The winner for the 2015-2016 Malott Prize for Recording Community Activism is Love Canal: A Toxic History from Colonial Times to the Present, by Richard S. Newman (Oxford University Press, 2016).
Love Canal provides a clear description of the nation’s largest man-made disaster, now a byword for toxic environmental hazard.
In the 1890s promoter William T. Love wanted to build a planned city near Niagara Falls. To provide power for the town’s industry, he began a 15 foot deep canal to divert water from the Niagara River to the town site. His project failed, and he was able to complete only about one mile of the canal. Twenty years later the kaleidoscope of history had turned and the region had become industrialized. Hooker Chemical Company played a dominant role. In the 1940s it needed additional space to dispose chemical waste and purchased the old canal area. Quite legally, armed with a permit from the City of Niagara Falls, the chemical company began dumping toxic waste in 55 gallon drums in the old canal. In another 20 years the kaleidoscope turned once again, and a large increase of population brought pressures for housing. Hooker gave the dump site, now attractively covered with grass, to the City of Niagara Falls, which built a school and then sold the remainder of the land to developers to build affordable single-family houses.
The toxic chemicals leaked out and by the late 1960s began causing significant illness and some death. By 1968 the residents of the community, especially housewives concerned about their own families, arouse in anger, demonstrated, petitioned, involved the media, to an extent never seen before concerning environmental issues. Their movement rolled like waves in the ocean, gaining in swell only to become calmed by government appeasement, then rising up once more. It garnered national attention. Ultimately the government bought out and resettled thousands of residents.
The Love Canal crisis generated profound ramifications. It fathered the national Superfund. More importantly it provided a model for local activists throughout the country. The Love Canal activists did not fold their tents and fade away following the resolution of their own problem. They remained active by advising and counseling countless others who suffered their own environmental problems. Especially active in this later work was Lois Gibbs, the housewife-turned-activist who vigilantly spearheaded the Love Canal Homeowners Association. Her vigilance in buttonholing officials was such that the Governor of New York remarked at the height of the protests that, with the exception of his wife, he saw Lois Gibbs more often than any other individual. In 1981, years after the Love Canal crisis had passed, Gibbs founded the Citizens’ Clearinghouse for Hazardous Wastes, a one-stop shopping center for local reformers. That organization has now morphed into the Center for Health, Environment & Justice, an organization with a broader agenda.
The book is a pleasure to read. Clearly written, it covers more than the Love Canal crisis itself, and contains a generous helping of the history of early European activity in the region, then the building of the canal, the Hooker Chemical era, and the subsequent residential development and chemical leachate that generated the crisis. It also pays attention to the personalities involved as well as the cultural norms that surrounded the building of the canal and the dumping of the chemicals. A thorough study. – DJL, Sr.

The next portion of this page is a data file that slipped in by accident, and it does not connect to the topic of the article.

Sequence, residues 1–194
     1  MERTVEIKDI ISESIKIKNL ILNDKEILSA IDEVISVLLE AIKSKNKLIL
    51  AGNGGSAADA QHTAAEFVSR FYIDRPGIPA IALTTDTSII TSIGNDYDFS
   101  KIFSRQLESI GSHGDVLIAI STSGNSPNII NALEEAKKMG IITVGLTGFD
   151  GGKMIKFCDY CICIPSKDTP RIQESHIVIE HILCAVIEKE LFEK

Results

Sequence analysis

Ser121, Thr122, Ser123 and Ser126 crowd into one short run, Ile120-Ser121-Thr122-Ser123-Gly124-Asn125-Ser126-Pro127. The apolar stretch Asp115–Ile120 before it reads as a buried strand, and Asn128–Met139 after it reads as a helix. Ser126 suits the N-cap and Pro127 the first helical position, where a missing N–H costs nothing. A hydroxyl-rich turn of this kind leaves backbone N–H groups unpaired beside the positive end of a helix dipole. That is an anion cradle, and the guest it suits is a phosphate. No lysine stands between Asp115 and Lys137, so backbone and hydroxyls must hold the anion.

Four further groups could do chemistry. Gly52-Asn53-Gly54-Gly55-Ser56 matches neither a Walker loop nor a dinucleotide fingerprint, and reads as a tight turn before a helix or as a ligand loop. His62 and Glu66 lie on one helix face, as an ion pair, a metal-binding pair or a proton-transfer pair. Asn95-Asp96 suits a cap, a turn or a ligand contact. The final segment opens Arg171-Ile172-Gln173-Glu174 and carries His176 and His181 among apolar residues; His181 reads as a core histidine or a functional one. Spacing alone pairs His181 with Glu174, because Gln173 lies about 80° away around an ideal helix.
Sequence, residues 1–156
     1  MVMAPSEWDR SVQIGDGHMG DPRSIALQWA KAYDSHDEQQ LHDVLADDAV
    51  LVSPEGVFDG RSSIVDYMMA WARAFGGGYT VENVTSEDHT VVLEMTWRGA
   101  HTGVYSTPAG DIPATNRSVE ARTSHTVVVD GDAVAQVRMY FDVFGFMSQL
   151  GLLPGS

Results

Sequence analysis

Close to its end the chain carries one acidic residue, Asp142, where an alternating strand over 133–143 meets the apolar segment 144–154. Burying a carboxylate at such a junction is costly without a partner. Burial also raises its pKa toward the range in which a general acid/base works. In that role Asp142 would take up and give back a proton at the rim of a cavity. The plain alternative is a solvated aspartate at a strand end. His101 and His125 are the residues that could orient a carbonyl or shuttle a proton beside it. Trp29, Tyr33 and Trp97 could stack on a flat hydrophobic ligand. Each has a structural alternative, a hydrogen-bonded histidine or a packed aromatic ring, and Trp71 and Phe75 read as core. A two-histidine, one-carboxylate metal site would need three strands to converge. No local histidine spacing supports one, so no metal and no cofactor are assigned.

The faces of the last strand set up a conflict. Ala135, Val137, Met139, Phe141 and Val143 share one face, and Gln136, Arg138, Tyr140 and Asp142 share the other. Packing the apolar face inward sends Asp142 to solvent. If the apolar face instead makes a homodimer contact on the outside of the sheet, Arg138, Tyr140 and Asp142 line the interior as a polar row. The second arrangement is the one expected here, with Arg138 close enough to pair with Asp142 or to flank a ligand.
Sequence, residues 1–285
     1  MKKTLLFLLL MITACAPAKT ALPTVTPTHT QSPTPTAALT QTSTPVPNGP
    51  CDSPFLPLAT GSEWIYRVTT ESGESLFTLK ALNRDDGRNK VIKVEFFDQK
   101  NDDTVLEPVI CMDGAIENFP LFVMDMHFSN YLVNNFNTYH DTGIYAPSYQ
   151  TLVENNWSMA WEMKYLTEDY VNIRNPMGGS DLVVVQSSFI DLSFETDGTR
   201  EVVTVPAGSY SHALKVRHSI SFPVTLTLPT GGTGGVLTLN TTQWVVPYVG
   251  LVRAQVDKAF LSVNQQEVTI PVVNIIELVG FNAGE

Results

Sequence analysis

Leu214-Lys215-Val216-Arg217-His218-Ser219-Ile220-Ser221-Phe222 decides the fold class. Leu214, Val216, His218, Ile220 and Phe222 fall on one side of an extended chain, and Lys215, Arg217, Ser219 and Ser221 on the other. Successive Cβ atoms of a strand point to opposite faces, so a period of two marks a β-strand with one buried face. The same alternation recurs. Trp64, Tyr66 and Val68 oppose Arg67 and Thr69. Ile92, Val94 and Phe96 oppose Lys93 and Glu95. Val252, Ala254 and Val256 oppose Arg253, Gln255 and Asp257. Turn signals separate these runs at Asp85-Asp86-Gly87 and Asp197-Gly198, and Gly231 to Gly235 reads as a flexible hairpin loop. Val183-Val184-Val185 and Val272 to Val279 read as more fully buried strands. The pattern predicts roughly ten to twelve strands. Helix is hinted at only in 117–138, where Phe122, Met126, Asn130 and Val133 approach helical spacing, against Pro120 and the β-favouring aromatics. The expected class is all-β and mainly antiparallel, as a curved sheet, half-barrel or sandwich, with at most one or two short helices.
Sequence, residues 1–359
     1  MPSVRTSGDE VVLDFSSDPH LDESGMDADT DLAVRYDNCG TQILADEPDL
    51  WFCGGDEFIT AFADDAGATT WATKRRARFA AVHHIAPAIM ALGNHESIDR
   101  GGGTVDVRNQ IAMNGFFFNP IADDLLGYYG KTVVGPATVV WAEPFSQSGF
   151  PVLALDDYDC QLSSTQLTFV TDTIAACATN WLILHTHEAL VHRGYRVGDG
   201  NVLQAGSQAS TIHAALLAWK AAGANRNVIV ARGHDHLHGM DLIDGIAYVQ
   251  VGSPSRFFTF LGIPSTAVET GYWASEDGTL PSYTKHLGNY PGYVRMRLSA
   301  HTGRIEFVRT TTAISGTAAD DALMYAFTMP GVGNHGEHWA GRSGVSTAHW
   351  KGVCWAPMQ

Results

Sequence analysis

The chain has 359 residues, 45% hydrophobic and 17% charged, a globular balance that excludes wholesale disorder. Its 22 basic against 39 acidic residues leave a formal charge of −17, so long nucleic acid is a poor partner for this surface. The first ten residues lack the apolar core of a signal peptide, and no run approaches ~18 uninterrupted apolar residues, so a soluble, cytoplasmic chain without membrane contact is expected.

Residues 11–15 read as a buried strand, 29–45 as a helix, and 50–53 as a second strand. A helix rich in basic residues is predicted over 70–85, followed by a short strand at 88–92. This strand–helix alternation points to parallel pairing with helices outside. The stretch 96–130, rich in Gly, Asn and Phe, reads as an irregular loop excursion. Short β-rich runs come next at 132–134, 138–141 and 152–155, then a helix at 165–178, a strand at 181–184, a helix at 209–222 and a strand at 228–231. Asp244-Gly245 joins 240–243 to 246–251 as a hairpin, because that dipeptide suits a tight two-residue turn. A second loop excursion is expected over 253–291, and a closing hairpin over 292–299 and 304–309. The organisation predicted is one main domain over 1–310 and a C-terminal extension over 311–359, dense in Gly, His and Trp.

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The finalist status for the 2015-2016 Malott Prize for Recording Community Activism goes to Out in the Rural: A Mississippi Health Center and Its War on Poverty, by Thomas J. Ward, Jr. (Oxford University Press, 2016).
This work discusses the origins, operations, and present status of a significant Great Society initiative of the 1960s: the Tufts-Delta Health Center in Mound Bayou, Mississippi. This clinic opened in the fall of 1967, and suffered significant contraction in the mid-1970s when funds were cut back for most of President Johnson’s War on Poverty programs, but the health center survives today in a smaller but stronger form.
The health center provided a broad but usual spectrum of preventative care, illness management, and maternal care. It also had an unusually broad vision of “health,” and operated such additional programs as a farm project to assure nutritional food, a construction project to repair its patients’ shacks, and a bus service to bring patients to the clinic. For a time, it even operated an educational program to prepare residents to take the high school equivalency exam (GEDs) and an additional program to provide high school students with work-study classes. The clinic persuaded a nearby junior college to teach college-credited courses at the health center.
It would be difficult enough for the leadership of the clinic to face the normal challenges of beginning such an ambitious program. Yet Dr. Jack Geiger, the mainstay of the enterprise, and his colleagues faced the additional challenge of local opposition, and not only among the white Mississippians who thought the health clinic was but a cover for civil rights activities. The black elite of Mound Bayou, an unusual black-run community, also opposed the new health clinic. Local black physicians and black owners of the two local black hospitals feared economic loss.
Reading this well-written and readable book leaves somewhat of a bittersweet taste. It was a noble task to build up all these far-flung programs to aid the rural and poor Mississippians. Yet the administrative strife and economic collapse that brought about considerable contraction in the 1970s is also disheartening. It is an interesting read. – DJL, Sr.